Formal and informal help-seeking associated with women's and men's experiences of intimate partner violence in Canada

Donna L Ansara, Michelle J Hindin
Social Science & Medicine 2010, 70 (7): 1011-8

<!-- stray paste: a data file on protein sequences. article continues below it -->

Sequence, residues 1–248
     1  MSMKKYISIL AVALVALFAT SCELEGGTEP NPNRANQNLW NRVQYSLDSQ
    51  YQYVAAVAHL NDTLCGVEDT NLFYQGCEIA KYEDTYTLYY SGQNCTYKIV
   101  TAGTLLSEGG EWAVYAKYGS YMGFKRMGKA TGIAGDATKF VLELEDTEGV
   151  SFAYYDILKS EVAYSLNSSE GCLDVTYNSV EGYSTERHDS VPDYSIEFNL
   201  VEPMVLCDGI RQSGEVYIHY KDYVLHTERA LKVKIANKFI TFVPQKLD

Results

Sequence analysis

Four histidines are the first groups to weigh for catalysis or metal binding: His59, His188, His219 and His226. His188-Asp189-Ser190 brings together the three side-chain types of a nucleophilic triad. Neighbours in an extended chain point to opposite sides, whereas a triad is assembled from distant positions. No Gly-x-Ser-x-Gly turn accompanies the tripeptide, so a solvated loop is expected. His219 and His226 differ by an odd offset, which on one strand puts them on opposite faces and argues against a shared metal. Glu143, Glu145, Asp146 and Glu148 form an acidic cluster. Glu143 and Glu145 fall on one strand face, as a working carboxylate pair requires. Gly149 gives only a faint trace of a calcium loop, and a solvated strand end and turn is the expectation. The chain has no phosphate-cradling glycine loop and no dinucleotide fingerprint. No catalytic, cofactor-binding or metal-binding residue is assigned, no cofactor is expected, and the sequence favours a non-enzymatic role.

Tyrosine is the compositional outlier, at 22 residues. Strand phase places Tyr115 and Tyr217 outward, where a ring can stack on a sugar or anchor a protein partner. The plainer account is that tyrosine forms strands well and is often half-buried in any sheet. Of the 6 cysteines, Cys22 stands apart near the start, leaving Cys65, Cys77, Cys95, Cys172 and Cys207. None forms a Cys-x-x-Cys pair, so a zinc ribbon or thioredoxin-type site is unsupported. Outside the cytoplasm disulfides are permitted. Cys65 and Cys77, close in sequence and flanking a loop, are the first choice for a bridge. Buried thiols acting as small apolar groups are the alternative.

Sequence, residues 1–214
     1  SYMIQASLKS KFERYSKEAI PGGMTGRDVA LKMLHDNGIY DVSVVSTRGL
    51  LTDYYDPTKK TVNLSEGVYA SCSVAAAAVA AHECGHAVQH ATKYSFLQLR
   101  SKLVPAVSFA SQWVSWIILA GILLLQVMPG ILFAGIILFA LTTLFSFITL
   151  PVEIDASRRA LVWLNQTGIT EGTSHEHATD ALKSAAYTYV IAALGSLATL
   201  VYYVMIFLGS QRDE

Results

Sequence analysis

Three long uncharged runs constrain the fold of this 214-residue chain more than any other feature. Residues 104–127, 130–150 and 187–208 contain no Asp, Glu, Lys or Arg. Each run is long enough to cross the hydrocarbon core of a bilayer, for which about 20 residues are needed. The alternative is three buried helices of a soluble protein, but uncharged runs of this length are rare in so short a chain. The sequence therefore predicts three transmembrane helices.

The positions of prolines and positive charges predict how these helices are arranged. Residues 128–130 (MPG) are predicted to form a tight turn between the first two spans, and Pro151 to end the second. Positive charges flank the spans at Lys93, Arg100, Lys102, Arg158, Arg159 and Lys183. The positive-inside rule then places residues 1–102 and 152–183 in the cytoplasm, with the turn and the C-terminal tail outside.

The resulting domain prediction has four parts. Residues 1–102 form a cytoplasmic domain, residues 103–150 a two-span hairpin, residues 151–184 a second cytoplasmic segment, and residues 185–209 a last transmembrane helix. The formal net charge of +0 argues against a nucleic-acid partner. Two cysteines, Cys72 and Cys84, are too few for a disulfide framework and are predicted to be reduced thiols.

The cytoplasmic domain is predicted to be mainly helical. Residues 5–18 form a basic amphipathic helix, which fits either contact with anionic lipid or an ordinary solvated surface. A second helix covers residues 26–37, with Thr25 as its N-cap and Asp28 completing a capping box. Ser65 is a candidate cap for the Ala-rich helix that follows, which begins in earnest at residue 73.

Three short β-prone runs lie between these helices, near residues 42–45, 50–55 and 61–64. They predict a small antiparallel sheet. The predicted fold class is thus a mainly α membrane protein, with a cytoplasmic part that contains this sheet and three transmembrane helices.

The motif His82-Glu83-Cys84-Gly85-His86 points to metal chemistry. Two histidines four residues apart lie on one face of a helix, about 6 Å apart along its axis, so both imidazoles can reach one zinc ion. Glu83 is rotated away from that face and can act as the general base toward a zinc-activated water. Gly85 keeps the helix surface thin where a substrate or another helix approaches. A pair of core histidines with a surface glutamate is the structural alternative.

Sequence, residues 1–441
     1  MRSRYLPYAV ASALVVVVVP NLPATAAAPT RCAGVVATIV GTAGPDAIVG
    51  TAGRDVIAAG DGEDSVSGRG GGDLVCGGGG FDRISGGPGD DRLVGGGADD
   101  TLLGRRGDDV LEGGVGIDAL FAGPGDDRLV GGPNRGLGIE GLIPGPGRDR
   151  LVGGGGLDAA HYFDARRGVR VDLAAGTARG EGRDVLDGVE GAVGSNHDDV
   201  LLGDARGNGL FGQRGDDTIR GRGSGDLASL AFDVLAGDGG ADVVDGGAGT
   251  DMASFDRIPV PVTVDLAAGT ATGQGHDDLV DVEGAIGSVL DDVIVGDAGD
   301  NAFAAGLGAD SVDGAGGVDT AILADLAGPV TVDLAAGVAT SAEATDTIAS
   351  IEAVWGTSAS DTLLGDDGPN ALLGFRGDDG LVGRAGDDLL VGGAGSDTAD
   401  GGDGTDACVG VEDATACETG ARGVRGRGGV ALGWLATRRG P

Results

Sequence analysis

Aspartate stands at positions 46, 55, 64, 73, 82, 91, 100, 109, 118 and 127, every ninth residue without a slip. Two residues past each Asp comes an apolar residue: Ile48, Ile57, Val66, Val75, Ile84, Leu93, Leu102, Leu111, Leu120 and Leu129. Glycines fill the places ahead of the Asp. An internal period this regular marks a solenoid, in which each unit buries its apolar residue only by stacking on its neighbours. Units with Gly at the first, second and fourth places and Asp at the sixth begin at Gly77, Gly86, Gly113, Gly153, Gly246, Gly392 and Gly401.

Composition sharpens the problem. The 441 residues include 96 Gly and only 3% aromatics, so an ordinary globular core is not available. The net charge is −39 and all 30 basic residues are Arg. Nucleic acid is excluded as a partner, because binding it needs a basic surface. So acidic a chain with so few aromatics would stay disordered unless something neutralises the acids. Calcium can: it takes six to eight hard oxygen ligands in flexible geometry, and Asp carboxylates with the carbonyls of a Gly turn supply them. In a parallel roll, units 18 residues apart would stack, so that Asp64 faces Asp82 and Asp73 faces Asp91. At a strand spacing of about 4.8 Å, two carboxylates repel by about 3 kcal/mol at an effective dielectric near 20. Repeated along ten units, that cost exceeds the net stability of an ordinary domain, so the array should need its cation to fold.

While numerous studies have documented the prevalence, correlates, and consequences of intimate partner violence (IPV); most of this research has used a criminal justice framework that has focused on acts of physical violence. However, critics argue that this narrow conceptualization of IPV belies the heterogeneity in this experience with respect to the nature of coercive control in the relationship. Moreover, they contend that the different types of abusive and controlling relationships not only have a different etiology, health consequences, and help-seeking characteristics, they also have a different relationship by gender. This study examined the extent to which different patterns of violence, abuse, and control were differentially associated with formal and informal help-seeking in a national Canadian sample. Data from the 2004 General Social Survey were analyzed, which included 696 women and 471 men who reported physical or sexual violence by a current or ex-spouse or common-law partner. The most commonly reported formal sources for women and men were health professionals (i.e., doctors, nurses, counselors, psychologists) and the police. For women, informal sources (i.e., family, friends, neighbors) were commonly reported across all IPV subgroups. However, the importance of almost all of the formal sources (e.g., health professionals, police, lawyers, shelters, crisis centers) increased as the severity of the violence and control increased. Shelters and crisis centers were also reported by a notable proportion of women who experienced the most severe pattern of violence and control. For men, both formal and informal sources were more commonly reported by those who experienced moderate violence and control compared with those who experienced relatively less severe acts of physical aggression. The results suggest that research that more sensitively examines people's experiences of violence and control can help identify their health, social, and safety needs; and ultimately better inform the development of programs and services aimed at addressing these needs.


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